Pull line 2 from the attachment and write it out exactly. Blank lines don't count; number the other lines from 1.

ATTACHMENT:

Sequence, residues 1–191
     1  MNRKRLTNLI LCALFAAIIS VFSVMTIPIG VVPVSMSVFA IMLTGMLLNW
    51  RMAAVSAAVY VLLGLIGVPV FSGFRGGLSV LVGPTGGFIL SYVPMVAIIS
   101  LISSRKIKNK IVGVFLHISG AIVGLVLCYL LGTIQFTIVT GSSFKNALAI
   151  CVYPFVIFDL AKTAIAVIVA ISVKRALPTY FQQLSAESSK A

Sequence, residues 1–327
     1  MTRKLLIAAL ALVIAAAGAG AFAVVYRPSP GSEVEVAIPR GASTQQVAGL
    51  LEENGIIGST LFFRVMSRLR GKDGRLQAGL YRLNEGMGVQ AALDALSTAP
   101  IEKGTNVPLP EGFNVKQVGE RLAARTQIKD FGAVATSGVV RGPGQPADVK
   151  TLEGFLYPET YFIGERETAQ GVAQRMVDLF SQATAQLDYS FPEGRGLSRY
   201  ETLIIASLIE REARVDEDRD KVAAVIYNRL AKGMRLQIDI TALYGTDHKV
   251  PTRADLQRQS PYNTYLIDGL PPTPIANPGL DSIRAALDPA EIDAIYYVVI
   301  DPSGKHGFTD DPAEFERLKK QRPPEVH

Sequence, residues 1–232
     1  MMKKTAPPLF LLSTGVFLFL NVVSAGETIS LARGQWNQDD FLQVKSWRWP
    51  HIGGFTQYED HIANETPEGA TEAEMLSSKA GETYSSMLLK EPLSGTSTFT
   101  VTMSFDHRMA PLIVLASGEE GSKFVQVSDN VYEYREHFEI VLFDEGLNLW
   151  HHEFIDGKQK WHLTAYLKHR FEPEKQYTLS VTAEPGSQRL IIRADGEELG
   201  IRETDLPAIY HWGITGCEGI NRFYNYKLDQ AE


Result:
     1  MNRKRLTNLI LCALFAAIIS VFSVMTIPIG VVPVSMSVFA IMLTGMLLNW